Listen, I understand and appreciate some of the stuff this guy is trying to say. Somebody needs to tell those stuck-up bluebloods in the priestly families that God doesn’t dwell in temples made with human hands. But this Jesus goes too far! He claims to love the Torah, and he can do a pretty good job of quoting it and preaching about it, but whenever he’s teaching he goes off the reservation. He says crazy stuff like what comes out of your mouth is more important than what goes into it; he tells subversive stories about Samaritans and worthless sons; he acts as though the Kingdom of God is nothing but a big party to which God has invited everybody, even (or especially) the unbelievers and the unclean. Worst of all he associates constantly with the worst kinds of sinners, from tax collectors and hooligans to, to, . . . “loose women.”
No. This man is too dangerous. His message is too radical. I say, we say, get rid of him; do it as publicly as you can, so no one else will become infected by his crazy notions. The people don’t need his warm and fuzzy “God”; they need lives of order and discipline, listening to the right people. We are the Pharisees, the teachers of the Torah, and to this Jesus we say no.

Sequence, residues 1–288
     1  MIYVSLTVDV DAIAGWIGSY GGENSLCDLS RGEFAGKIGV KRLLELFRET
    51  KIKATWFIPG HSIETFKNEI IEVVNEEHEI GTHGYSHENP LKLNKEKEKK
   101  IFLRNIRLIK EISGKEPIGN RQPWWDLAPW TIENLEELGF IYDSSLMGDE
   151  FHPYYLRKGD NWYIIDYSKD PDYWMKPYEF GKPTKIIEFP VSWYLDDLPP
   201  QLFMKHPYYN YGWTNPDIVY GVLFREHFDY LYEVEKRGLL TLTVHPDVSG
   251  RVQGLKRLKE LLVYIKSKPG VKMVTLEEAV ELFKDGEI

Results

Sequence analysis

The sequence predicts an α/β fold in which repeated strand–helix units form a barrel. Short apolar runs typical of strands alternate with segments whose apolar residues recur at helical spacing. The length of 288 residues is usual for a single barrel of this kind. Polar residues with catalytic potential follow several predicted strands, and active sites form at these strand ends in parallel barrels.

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My God, what a crazy week it’s been. Jerusalem has been full of Jews and more Jews, all of them here to celebrate this thing they call the “Passover.” It’s some religious festival, something to do with their God killing Egyptians back in the day. Ha! As though you need a God to kill Egyptians. Me and the boys under my command did plenty of that all on our own during our last tour down in Alexandria. Anyway, like I was saying Jerusalem has been a zoo: people pushing and shouting at one another, livestock on its way to be sacrificed at their Temple making a mess everywhere, scam artists and grifters working the crowd, looking to rip off some poor hick down from the Galilee for the festival. Being a Roman centurion is never easy when you’re assigned to one of the provinces, but working crowd control in this flea-ridden mudhole of a place they call Judea? The worst.